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Antibiotic resistance profile of Staphylococcusaureus clinical isolates from Nigeria
Antimicrobial Resistance and Infection Controlvolume 4, Article number: P195 (2015)
Hospital-acquired infections with Staphylococcus aureus have increased over the years and the rise in incidence has been accompanied by a rise in antibiotic-resistant strains notably methicillin-resistant S aureus (MRSA) and more recently vancomycin-resistant strains. In order to have adequate information for treatment of infections caused by S. aureus, it is important to understand trends in the antibiotic-resistance patterns as well as diversity of strains across geographical regions.
The aim of this study was to provide information on the antibiotic resistance profile and molecular characteristics of S. aureus strains from Nigeria.
A total of 209 non-duplicate S. aureus isolates obtained from clinical infections in eight medical centres were analyzed. Identification and antimicrobial susceptibility profile was performed with the automated VITEK-2 system. Detection of antibiotic resistance and virulence genes in the S. aureus strains was by polymerase chain reaction.
Resistance was observed against penicillin (97.1%); trimethoprim/sulfamethoxazole (83.7%), tetracycline (13.8%), levofloxacin (5.7%) and gentamicin(4.8%). All strains were susceptible to azithromycin, clarithromycin, erythromycin, clindamycin, linezolid, vancomycin, nitrofurantoin, fusidic acid, mupirocin and rifampicin. The β-lactamase (blaZ)gene was found in 95% of allstrains (n=198) while 2.87% (n=6) possessed the mecA gene. The staphylococcal cassette chromosome mec (SCC mec) typing of MRSA strains detected SCC mec type IV in one strain. A particular MRSA strain was the only strain found to be resistant to teicoplanin, tigecycline and fosfomycin. Fifty-six percent of the strains possessed the panton valentine leukocidin (PVL) encoding gene.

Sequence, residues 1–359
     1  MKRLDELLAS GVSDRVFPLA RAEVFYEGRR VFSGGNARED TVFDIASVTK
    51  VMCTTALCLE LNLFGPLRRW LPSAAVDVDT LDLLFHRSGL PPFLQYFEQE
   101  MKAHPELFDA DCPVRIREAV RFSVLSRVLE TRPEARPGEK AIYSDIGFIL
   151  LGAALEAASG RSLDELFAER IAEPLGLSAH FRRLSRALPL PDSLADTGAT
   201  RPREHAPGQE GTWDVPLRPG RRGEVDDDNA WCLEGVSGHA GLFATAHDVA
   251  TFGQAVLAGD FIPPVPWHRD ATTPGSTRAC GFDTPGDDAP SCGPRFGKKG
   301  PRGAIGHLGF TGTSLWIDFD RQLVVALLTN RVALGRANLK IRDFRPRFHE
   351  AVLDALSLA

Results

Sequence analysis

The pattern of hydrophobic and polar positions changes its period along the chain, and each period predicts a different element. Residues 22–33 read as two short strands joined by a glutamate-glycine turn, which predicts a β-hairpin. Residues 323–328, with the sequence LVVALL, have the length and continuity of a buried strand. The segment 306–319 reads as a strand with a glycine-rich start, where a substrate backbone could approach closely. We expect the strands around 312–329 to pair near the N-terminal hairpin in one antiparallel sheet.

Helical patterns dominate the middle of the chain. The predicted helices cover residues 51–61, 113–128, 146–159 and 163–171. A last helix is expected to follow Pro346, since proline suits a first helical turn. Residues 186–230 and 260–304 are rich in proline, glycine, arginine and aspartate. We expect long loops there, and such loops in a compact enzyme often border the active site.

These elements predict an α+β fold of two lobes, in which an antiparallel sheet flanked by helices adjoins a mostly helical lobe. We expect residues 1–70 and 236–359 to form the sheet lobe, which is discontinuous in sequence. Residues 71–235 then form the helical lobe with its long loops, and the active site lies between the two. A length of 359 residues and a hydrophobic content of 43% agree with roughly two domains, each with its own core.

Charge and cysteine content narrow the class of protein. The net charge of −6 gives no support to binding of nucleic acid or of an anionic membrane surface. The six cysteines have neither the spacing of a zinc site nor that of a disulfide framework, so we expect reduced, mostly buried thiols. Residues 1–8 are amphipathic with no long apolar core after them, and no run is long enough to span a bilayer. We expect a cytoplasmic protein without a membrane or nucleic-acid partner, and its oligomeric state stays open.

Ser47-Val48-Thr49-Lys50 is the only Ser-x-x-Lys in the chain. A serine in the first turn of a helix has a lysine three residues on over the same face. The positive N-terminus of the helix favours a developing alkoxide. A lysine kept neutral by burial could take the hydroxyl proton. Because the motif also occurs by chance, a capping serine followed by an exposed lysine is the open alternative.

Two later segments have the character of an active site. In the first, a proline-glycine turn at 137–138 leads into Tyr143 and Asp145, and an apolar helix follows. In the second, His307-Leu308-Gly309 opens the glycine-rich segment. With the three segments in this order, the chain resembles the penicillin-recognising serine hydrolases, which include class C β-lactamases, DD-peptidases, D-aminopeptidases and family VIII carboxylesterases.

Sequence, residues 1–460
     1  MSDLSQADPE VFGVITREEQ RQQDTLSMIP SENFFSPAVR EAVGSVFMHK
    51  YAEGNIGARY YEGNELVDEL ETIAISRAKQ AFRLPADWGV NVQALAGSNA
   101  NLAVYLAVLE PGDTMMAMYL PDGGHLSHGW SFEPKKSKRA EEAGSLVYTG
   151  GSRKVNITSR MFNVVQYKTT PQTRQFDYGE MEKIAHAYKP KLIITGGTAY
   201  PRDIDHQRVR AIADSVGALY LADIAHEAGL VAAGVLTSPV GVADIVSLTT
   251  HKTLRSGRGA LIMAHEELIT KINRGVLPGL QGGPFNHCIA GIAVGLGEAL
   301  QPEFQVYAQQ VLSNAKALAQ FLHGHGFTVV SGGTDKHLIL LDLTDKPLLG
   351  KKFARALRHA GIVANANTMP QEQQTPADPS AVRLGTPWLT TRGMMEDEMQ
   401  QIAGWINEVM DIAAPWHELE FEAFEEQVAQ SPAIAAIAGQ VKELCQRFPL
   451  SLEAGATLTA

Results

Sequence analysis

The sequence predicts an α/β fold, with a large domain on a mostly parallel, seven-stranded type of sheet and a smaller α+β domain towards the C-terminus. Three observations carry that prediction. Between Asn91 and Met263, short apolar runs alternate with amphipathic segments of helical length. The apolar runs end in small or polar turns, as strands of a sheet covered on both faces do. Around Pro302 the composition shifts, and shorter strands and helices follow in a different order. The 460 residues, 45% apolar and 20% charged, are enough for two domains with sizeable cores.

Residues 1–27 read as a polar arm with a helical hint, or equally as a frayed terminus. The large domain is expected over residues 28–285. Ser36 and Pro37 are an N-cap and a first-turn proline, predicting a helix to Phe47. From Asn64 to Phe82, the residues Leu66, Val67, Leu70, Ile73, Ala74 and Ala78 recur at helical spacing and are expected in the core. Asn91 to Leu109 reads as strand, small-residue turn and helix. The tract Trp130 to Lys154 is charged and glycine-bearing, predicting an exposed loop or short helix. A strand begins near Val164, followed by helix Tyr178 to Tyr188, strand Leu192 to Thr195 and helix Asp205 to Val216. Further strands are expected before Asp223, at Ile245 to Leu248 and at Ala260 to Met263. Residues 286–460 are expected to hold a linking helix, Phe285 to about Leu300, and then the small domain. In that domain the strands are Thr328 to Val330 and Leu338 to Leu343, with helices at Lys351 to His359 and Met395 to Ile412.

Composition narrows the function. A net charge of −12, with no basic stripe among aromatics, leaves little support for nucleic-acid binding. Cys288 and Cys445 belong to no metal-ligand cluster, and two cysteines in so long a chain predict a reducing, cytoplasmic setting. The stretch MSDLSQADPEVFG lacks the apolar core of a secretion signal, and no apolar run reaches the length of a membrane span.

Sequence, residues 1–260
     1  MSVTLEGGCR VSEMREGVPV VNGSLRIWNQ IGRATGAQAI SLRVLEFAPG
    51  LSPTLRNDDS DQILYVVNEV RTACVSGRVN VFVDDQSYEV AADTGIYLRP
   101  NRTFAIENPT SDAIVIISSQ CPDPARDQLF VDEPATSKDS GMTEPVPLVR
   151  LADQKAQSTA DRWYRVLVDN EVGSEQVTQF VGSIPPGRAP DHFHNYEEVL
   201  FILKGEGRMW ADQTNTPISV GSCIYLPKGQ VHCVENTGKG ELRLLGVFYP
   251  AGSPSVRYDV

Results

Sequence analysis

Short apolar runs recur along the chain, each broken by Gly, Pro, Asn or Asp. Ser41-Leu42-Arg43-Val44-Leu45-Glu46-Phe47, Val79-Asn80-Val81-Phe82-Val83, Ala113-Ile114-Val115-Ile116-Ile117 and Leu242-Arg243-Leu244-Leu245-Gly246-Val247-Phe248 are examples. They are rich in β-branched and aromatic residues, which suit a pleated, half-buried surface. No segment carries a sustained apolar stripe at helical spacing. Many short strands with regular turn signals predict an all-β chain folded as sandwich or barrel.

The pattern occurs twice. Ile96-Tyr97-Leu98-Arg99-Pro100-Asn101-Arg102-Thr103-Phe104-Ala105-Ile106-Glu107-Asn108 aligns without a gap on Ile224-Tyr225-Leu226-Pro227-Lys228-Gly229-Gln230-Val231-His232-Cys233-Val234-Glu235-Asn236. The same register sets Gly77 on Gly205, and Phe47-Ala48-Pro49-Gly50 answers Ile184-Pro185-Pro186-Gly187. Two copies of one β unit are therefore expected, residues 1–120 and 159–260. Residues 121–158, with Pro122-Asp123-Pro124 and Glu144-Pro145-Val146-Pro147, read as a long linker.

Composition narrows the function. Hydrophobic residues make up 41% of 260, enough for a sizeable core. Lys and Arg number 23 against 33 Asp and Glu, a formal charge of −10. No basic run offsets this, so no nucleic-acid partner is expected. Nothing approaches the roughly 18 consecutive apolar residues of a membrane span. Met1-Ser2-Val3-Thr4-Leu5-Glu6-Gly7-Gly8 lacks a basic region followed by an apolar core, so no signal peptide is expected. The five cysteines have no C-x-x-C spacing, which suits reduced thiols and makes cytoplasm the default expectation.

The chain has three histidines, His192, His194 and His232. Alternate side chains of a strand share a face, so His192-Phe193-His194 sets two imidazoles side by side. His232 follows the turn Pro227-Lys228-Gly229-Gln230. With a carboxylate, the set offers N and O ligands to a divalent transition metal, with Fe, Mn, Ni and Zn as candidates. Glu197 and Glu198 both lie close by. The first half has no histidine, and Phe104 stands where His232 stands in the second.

A rise in PVL-positive S. aureus strains in Africa is of great concern as this could promote the emergence of highly virulent strains. The continuous surveillance of antibiotic resistance in S. aureus is important to prevent the spread of multidrug resistant strains.
Disclosure of interest